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Sunday, June 16
The Indiana Daily Student


Changing the culture of incarceration

TEDx is doing ?something really cool.

But first, if you aren’t familiar with TEDx talks, let’s review.

Essentially, these “talks” are based on the original format of TED talks, but are presented to local ?audiences at independent events across the world. They’re designed to help local communities have a conversation about “ideas worth spreading.”

Now here’s the cool part. TEDx has been organizing talks in correctional ?facilities around the world.

You may be wondering what the objective would be behind hosting TEDx talks in correctional ?facilities.

You may also be wondering why I think this is so utterly amazing.

Well, this is why: The program highlights an overarching issue in the criminal justice system and attempts to independently solve it.

It utilizes power on a ?local level and drives change nationally. The program helps educate inmates, first and ?foremost. Inmates have the potential to build hope, develop compassion and come to terms with what they’ve done.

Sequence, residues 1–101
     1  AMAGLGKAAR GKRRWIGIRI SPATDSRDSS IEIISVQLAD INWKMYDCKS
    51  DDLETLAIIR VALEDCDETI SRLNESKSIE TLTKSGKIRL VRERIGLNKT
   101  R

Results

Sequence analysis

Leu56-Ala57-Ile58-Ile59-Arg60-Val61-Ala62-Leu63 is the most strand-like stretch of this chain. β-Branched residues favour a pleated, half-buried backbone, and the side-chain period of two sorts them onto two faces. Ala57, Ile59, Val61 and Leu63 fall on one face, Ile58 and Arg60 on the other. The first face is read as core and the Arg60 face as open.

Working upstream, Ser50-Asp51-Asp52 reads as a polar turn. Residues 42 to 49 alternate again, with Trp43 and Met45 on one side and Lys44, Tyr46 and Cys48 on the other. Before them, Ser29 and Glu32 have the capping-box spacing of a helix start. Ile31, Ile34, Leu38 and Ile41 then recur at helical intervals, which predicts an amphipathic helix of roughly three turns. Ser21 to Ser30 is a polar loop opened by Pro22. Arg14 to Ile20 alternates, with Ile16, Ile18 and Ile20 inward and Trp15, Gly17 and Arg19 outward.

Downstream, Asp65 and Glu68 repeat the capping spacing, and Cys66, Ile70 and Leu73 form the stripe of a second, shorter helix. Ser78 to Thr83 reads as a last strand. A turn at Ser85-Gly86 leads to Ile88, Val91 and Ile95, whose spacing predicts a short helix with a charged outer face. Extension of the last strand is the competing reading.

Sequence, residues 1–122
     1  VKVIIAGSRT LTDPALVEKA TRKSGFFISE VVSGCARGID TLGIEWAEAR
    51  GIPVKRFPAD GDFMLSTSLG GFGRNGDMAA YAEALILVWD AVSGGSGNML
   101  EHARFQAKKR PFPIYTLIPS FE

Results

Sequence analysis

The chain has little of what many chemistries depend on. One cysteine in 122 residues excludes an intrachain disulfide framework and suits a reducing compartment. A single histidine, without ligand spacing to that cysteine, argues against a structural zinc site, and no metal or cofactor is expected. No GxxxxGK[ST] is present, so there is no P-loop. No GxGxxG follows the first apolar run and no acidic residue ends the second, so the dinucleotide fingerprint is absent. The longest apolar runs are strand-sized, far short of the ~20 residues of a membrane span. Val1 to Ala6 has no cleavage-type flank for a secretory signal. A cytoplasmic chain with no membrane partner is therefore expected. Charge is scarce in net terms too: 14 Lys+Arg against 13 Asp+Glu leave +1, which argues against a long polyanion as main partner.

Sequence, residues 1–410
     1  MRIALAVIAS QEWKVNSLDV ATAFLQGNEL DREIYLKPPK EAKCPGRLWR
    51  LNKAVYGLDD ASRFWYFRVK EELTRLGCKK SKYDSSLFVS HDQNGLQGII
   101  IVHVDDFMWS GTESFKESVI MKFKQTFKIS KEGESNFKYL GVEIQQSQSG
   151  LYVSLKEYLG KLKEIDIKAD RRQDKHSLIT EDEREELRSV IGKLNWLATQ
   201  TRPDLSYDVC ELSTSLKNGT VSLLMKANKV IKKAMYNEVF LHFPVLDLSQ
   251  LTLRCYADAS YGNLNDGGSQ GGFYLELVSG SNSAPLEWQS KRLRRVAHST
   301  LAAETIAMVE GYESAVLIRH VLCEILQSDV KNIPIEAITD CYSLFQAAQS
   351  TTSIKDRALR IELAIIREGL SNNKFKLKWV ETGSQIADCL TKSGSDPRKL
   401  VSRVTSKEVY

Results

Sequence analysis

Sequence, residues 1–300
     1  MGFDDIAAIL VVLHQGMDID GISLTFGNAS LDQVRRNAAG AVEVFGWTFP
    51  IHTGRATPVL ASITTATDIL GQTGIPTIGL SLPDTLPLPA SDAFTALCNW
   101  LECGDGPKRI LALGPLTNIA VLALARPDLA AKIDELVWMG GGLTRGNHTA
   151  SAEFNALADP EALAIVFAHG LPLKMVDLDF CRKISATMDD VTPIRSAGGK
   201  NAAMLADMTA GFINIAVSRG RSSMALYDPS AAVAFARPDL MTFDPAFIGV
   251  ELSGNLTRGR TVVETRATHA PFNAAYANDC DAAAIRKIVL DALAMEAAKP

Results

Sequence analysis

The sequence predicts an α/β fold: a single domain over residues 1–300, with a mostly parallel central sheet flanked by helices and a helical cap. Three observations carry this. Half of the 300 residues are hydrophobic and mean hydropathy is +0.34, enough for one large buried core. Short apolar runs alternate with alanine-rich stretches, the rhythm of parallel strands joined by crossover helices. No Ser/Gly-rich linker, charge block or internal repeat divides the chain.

It’s a different, seemingly more independent take on the “recidivism reduction education programs” that have been introduced by legislators.

While there have been some noteworthy bipartisan duos attempting to take on criminal justice reform — take Sens.

Cory Booker and Rand Paul for example — things in Washington often tend to move at a slow, glacial pace. Similar to the TEDx talks held in correctional ?facilities, a local nonprofit is taking an inherently ?similar inside out approach to addressing the ?same issue.

The Midwest Pages to Prisoners Project is a local nonprofit aimed at educating prisoners by providing free reading materials.

By providing these resources, the project hopes to promote rehabilitation and reintegration rather than punishment. While the organization is based in Bloomington, thus rendering it a smaller non-governmental organization, it still manages to serve inmates across the country.

As explained by the Midwest Pages to Prisoners Project, the nonprofit’s beliefs and values revolve around the notion that “prisoners are not strangers: they are brothers sisters, friends, cousins, mothers and children.”

The nonprofit exists to “alleviate pain, boredom and attrition and to provide a direct opportunity for self-education.” Often, prison libraries are understocked or supported during only specific and limited hours.

It’s of my conviction that independent programs like these will start driving change in our criminal justice system faster than federally funded programs, at least until a fair and ?comprehensive bill is passed.

Programs like these, especially on a local level when you’re able to engage with surrounding ?communities, is such a powerful tool.

They help increase ?understanding behind correctional education programs and spread knowledge about their benefits such as cost reduction and greatly decreasing ?recidivism rates.

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